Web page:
What are the Main Food Safety Concerns Regarding Frozen Foods?

The frozen food aisles of a supermarket offer many nutritious choices (frozen produce among them) and a wide variety of gut-busting junk foods (full-fat ice cream “novelties,” for example). From a safety perspective, the most important issue is whether a frozen food is ready-to-eat or just looks that way.

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Have you ever purchased a frozen meal that looks picture-perfect on the package, but not at all appetizing once you unwrap it? A package that depicts beautifully browned chicken and crispy roasted potatoes may reveal, upon opening, a lump of pale, icy poultry and a side of wan, undercooked taters. That’s marketing for you—and the food can also be a real safety risk if you aren’t careful. Even worse would be a piece of chicken that looks brown and properly cooked even out of the box, but is actually only partially cooked—and thus raw and unsafe—on the inside. If you are in the market for frozen meals, you need to read labels and cooking instructions carefully to make sure that you finish whatever cooking was started in the factory before you eat. Look for terms like “ready-to-eat” (which means it’s fully cooked) versus “ready-to-cook” or “must be cooked thoroughly” (which means it’s not already cooked—even if it looks that way on the box).

From a nutrition perspective, you should walk gingerly around the ice cream and frozen novelties, chock-full as most of them are of saturated fat, sugar, and questionable additives. But if you want to enjoy the occasional pint, especially of lower-fat products, the safety advice is the same: as long as they’re made from pasteurized milk, the foods should be safe. There have been occasional outbreaks linked to ice cream, but safety problems with ice cream generally arise when people make it at home with unpasteurized (raw) milk and eggs. Bottom line: frozen dairy treats made from pasteurized milk are safe.

One reassuring fact about frozen produce is that it provides about the same (or possibly even more) nutritional wallop as fresh. It’s a great choice when your favorite fruits and veggies are out of season (though fresh foods usually taste better than frozen).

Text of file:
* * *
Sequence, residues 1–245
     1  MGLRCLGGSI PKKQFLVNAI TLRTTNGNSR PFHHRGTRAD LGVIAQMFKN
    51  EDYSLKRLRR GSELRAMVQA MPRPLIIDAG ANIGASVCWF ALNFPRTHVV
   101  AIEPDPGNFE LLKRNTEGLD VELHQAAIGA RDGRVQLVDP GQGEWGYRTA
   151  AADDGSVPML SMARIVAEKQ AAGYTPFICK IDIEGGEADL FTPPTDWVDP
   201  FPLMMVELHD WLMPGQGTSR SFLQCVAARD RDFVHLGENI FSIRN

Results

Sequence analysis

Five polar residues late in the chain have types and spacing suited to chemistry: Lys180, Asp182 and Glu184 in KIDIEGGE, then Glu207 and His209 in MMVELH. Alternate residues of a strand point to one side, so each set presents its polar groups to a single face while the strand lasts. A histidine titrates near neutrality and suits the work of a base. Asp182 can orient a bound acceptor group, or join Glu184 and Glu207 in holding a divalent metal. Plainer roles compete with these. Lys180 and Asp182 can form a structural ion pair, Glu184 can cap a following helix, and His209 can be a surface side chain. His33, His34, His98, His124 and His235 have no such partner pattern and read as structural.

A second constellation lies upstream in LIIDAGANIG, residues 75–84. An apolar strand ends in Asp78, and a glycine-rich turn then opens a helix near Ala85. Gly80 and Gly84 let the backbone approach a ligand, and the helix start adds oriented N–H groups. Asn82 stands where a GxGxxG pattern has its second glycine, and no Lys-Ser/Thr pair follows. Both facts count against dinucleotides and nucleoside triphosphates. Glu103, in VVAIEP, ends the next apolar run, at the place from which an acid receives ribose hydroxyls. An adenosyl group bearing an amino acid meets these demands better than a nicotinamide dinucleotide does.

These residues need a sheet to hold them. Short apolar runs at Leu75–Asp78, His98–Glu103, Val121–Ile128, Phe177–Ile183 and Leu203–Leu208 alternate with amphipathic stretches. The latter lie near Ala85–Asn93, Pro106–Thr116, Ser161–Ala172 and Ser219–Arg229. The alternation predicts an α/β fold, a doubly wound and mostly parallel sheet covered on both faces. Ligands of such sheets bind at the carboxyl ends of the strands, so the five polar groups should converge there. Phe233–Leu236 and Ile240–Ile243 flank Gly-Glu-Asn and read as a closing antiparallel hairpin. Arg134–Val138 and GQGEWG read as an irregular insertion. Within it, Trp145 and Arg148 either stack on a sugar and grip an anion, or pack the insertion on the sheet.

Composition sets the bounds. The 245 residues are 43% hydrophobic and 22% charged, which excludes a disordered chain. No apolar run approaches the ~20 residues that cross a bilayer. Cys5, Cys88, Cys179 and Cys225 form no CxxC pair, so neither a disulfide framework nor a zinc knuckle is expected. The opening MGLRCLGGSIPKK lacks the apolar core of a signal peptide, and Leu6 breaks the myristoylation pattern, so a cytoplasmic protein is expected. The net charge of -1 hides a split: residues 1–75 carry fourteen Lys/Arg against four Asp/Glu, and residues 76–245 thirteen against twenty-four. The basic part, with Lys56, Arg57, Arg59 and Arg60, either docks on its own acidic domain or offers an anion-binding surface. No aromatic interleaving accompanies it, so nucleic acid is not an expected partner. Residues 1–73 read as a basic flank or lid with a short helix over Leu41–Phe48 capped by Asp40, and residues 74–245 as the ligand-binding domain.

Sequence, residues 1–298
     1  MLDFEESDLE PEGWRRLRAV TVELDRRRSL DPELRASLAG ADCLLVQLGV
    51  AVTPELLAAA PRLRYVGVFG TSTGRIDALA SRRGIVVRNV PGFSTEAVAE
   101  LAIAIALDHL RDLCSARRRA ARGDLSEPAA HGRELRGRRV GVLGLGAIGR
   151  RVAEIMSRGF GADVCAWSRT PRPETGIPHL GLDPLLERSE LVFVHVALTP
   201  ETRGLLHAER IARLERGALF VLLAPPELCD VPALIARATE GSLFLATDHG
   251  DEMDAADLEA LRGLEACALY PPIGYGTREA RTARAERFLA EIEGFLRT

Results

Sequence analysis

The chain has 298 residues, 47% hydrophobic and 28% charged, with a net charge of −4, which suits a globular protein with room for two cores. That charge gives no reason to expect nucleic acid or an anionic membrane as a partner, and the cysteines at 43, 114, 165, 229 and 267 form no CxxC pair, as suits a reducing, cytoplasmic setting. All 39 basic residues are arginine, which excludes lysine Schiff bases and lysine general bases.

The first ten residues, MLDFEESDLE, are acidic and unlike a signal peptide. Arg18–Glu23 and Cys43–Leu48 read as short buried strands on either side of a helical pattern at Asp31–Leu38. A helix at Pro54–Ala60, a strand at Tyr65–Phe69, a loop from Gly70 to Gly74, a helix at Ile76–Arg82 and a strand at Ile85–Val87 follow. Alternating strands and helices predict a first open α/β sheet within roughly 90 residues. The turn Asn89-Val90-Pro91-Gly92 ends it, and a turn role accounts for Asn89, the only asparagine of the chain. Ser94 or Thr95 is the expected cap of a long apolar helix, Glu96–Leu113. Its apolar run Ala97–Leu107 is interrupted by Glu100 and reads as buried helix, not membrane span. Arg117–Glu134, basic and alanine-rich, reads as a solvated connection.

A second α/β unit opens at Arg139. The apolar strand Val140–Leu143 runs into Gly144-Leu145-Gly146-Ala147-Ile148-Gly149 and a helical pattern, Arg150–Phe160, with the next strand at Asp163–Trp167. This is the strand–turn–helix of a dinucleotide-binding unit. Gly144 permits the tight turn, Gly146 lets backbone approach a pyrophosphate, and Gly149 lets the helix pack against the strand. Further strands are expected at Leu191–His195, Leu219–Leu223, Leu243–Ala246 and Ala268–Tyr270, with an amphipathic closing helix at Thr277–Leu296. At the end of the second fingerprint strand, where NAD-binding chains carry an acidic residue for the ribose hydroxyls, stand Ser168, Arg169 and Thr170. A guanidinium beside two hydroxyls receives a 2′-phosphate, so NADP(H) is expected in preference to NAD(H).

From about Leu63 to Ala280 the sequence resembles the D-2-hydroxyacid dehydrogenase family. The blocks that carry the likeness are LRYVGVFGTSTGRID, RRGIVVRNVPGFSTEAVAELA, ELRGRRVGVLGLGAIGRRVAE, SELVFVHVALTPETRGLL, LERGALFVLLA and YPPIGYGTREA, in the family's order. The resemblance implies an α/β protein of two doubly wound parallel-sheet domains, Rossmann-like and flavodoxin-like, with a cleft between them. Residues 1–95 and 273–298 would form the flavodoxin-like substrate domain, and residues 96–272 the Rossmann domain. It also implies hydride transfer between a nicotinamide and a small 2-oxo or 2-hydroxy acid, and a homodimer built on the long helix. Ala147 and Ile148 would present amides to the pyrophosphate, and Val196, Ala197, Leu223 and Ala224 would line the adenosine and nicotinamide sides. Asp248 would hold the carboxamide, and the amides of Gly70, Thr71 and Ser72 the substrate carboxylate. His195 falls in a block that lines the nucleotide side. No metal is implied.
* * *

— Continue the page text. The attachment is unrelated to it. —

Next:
Shopping Tip: Don’t buy frozen food if the package is open, torn, or crushed on the edges. Look for frost or ice crystals on the box or, if the package is transparent, on the food inside. That could mean that the food in the package has either been stored for a long time or thawed and refrozen. Choose a package without ice crystals for both quality and safety reasons.

 

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4 Replies to “What are the Main Food Safety Concerns Regarding Frozen Foods?”

  1. I never understood how once a food is frozen it could retain any nutrient value. Somehow the nutrients come back to life ?
    Same thing with microwaving, nuking kills nutrients.

    1. From the Nutrition Action Healthletter: Cold temperatures do not destroy nutrients. That’s why refrigerated and frozen foods retain their nutritional value. Many nutrients are not affected by normal cooking temperatures. For those that are, the extent of nutrient loss depends largely on high a temperature and for how long. Since microwaving exposes food to heat for only a brief time, nutrient losses are less with microwaving compared with, for example, boiling a food. The notion that “nuking kills nutrients” is just not true. It’s one of the many myths about microwaving that circulate on the Internet.

  2. Why do you use the words Junk Food? Please just use the word Junk. The stuff is Junk or it is Food. Let’s not use them together Thank you.

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